Taylor Swift “doesn’t need” streaming royalties, former Spotify boss says
- Former Spotify boss Jim Anderson said the platform was designed to distribute music, not pay artists.
- “I think Taylor Swift doesn’t need 0.00001 more stream,” Anderson told singer Ashley Jana.
- The average rate per Apple Music play is $ 0.01. On Spotify, it takes around 250 streams to make $ 1.
- See more stories on the Insider business page.
A former Spotify boss who is credited with helping create the Swedish music streaming platform said Spotify was never designed to pay artists.
“Spotify was created to solve a problem,” Jim Anderson, who also co-founded About.com, said at a 2019 music industry conference in New York City, according to a recently released recording from the event. “The problem was this: piracy and distribution of music. The problem was to distribute the music of the artists. The problem was not paying people money.
—Z (@djboothEIC) July 6, 2021
Anderson’s comments were recorded by singer-songwriter Ashley Jana, who only shared the recording this week for fear of retaliation from the music industry, according to Digital Music News.
The comments now made public follow growing pressure for music streaming platforms to increase royalties, or the amount artists are paid per stream. “The artists are really broke,” Jana told Anderson at the 2019 event. “We don’t make money with streams.”
Anderson used Taylor Swift, a long-time advocate for new musicians, as an example, saying she “didn’t need” an increase in streaming royalties.
Swift has been advocating for change in the music streaming industry since 2014, when she published an essay for the Wall Street Journal claiming that “music shouldn’t be free.” That same year, Swift withdrew her album “1989” from Spotify.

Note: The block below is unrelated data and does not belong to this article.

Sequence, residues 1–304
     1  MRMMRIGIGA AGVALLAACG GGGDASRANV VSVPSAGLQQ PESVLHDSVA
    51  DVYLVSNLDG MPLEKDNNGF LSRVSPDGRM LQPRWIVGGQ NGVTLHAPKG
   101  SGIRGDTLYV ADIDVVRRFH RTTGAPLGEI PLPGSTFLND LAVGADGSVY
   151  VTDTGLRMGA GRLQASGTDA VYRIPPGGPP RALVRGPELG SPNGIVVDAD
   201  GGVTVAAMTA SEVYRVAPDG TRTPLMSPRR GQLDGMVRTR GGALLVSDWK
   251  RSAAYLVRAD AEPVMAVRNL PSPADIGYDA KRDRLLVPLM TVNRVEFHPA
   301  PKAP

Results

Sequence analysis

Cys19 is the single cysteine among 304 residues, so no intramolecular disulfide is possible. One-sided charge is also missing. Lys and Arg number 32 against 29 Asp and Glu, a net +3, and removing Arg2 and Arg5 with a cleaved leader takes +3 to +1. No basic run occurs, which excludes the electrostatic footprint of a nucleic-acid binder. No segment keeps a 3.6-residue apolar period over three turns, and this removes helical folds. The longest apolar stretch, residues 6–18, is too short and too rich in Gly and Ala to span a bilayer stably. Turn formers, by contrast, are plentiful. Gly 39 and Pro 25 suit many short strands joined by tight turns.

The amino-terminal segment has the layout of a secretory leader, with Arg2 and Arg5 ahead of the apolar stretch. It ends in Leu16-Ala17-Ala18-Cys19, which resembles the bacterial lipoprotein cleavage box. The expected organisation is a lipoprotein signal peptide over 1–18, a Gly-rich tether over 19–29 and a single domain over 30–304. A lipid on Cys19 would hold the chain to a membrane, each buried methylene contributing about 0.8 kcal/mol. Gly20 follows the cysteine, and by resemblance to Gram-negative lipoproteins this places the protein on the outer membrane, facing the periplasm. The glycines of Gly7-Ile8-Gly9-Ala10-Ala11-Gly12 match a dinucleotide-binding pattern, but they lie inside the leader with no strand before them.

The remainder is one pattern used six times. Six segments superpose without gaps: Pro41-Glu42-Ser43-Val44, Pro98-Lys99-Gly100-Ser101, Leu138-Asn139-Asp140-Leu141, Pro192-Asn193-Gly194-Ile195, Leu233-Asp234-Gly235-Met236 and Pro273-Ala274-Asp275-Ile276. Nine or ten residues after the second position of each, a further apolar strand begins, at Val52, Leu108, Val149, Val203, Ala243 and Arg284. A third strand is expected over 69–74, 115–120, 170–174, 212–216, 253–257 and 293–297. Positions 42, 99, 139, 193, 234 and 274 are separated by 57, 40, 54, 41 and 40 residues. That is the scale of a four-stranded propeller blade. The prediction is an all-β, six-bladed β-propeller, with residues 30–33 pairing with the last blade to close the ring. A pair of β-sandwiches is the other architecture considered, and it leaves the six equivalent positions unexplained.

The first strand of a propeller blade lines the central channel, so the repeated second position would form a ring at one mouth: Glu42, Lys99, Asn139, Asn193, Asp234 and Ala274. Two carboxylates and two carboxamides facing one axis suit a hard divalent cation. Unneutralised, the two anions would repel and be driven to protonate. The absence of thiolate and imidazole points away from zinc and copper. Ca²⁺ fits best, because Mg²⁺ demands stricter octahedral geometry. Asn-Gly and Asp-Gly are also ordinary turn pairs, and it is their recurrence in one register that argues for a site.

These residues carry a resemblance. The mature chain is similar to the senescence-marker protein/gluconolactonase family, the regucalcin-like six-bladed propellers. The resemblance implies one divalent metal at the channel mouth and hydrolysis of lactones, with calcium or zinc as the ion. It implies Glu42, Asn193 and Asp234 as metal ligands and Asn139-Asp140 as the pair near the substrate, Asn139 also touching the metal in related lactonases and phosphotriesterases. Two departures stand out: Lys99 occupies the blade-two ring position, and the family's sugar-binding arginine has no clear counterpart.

In response to recent pressure, Spotify founder and CEO Daniel Ek launched the Loud and Clear company initiative to “shed light on the complicated economics of music streaming.”
In April, Apple Music said its streaming royalties paid double what Spotify paid, although the rate is calculated on a stream-sharing basis, not per stream, making the two rates difficult to compare with. precision.
Ek wrote that one of Spotify’s goals is to help artists earn a living by creating opportunities for more musicians to reach more listeners, saying fans ultimately determine the financial fate of musicians. .
The Union of Musicians and Allied Workers (UMAW) organized international protests against Spotify in March. The company did not meet union demands such as the royalty rate of one cent per stream.
—Union of Allied Musicians and Workers (@UMAW_) March 18, 2021
“The company systematically blames others for the systems it has built itself and from which it has created its nearly $ 70 billion valuation,” UMAW said on Twitter this March.
In an interview with The Verge, Ek said that Spotify’s future depends on multiple streams of revenue, which in turn will allow creators to best decide how to monetize their fan base.
“What we’ve realized is that we’re not that kind of little Swedish startup anymore,” Ek told The Verge. “We’re actually a very, very important platform for a lot of these audio creators.”
Spotify declined Business Insider’s request for comment.